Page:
Citing Trump’s Experience as a Builder, U.S. Reps Ask Him To Back Project Labor Agreements

Mark Gruenberg

Mark Gruenberg Editor, Press Associates Union News

Citing Republican President Donald Trump’s experience as a builder – and his knowledge of construction unions as well as the industry – six representa-tives, three from each party, asked Trump to back the use of Project Labor Agreements (PLAs) on federally funded construction.  

Rep. Donald Norcross, D-N.J., an Electrical Worker and former president of the Southern New Jersey Building and Construction Trades Council, authored the letter to Trump. He asked Trump to “keep all contracting options in consideration,” including PLAs.  

The letter was particularly timely: It came just a week after a House committee heard testimony on federal funding for infrastructure. There, AFL-CIO President Richard Trumka pushed infrastructure spending. PLAs did not come up in that hearing’s prepared statements.  

“Federal construction projects are massive undertakings and can often take years just to be authorized. Given the cost and complications of these projects, no construction management tool, such as PLAs, should be prohibited,” the solons wrote Trump on Feb. 8.

“Several of your company’s projects in New York and New Jersey have used PLAs, including the Trump National Club House in Briarcliff, N.Y., Trump Plaza in New Rochelle, N.Y., and the Trump Taj Mahal in Atlantic City,” they noted.

“Many other companies in the private sector, including Disney, Toyota, and General Motors, utilize PLAs. The federal government should not be barred from using such a popular instrument of construction management,” their letter says.

The Obama administration encouraged – but did not mandate -- use of PLAs on all federally funded construction. Anti-union low-ball contractors, led by the Associated Builders and Contractors, hate PLAs, as well as prevailing wages for federally funded construction.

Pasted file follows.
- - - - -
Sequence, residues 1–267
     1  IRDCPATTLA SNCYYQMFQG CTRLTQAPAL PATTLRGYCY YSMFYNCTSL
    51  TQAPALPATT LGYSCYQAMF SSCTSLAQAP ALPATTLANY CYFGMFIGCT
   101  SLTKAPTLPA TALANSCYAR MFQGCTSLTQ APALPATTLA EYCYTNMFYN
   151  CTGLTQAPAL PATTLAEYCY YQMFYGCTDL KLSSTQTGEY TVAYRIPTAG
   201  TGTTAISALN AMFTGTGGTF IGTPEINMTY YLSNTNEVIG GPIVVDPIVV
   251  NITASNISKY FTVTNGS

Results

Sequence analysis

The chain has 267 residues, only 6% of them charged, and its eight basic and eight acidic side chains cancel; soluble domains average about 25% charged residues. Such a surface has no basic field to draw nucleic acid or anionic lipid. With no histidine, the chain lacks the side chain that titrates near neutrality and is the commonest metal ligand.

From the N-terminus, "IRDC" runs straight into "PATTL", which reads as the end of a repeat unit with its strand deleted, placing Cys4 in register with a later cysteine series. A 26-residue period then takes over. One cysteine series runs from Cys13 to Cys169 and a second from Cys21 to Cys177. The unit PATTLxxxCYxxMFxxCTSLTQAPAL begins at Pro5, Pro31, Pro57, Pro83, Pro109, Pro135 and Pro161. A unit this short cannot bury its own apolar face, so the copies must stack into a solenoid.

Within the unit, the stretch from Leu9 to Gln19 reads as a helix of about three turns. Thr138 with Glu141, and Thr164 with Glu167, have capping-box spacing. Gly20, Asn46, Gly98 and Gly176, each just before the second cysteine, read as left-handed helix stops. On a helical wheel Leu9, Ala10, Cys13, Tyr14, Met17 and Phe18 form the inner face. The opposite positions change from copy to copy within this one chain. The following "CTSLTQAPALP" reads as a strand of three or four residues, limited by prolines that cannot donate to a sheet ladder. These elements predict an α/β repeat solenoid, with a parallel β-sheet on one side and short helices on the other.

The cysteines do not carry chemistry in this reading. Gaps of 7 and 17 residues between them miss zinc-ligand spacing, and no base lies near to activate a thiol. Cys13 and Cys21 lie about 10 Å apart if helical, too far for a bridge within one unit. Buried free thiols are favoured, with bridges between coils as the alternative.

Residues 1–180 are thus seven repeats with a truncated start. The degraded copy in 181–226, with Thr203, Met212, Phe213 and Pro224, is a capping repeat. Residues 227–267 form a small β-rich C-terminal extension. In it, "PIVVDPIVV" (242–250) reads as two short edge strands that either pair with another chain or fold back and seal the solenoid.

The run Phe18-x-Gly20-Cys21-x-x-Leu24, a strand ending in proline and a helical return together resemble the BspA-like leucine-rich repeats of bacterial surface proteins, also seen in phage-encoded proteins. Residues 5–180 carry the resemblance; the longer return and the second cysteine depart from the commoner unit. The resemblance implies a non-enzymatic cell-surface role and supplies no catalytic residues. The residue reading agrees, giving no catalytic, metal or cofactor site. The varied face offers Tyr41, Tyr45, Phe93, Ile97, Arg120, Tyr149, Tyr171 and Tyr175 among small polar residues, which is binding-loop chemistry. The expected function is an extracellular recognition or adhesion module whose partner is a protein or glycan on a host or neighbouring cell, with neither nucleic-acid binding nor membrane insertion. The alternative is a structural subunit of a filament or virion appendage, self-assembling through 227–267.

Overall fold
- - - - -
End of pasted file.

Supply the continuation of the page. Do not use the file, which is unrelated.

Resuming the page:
“Having worked as an IBEW electrician, I saw firsthand how project labor agreements benefit workers and contractors,” Norcross explained. “The best developers use PLAs to save money and increase efficiency. The federal government should have access to the same tools. PLAs will save taxpayer funds and help American workers by creating greater opportunities, increasing job security and raising wages.”

Whether Trump agrees may set up a conflict with his own party in Congress, as right wing House Republicans have repeatedly tried to ban PLAs. Their latest attempt, last May, lost 209-216, as 33 Republicans, plus all the Democrats, listened to construction workers and bucked the anti-PLA line. That was “a high water mark” for Republican PLA support, said Sean McGarvey, president of North America’s Building Trades.

Trumka told the House Transportation and Infrastructure Committee on Feb. 1 that “we need to be the America that can, not the America that can’t.” He said Congress should consider all possible funding sources for what Trump seeks: $1 trillion in infrastructure improvements, spread over a period of years. Business witnesses also backed infrastructure. 

“Our failing infrastructure may be an obstacle and a challenge, but fixing it is a powerful opportunity,” Trumka said. He called $1 trillion “the right scale” and pledged unions would campaign for that, since unionists can provide “the most highly skilled and well-trained workforce to get the job done.” Trumka added: “We want investments that create good jobs and meet the real needs of our economy.”     

Posted In: Allied Approaches

Union Matters

An Invitation to Sunny Miami. What Could Be Bad?

Sam Pizzigati

Sam Pizzigati Editor, Too Much online magazine

If a billionaire “invites” you somewhere, you’d better go. Or be prepared to suffer the consequences. This past May, hedge fund kingpin Carl Icahn announced in a letter to his New York-based staff of about 50 that he would be moving his business operations to Florida. But the 83-year-old Icahn assured his staffers they had no reason to worry: “My employees have always been very important to the company, so I’d like to invite you all to join me in Miami.” Those who go south, his letter added, would get a $50,000 relocation benefit “once you have established your permanent residence in Florida.” Those who stay put, the letter continued, can file for state unemployment benefits, a $450 weekly maximum that “you can receive for a total of 26 weeks.” What about severance from Icahn Enterprises? The New York Post reported last week that the two dozen employees who have chosen not to uproot their families and follow Icahn to Florida “will be let go without any severance” when the billionaire shutters his New York offices this coming March. Bloomberg currently puts Carl Icahn’s net worth at $20.5 billion.


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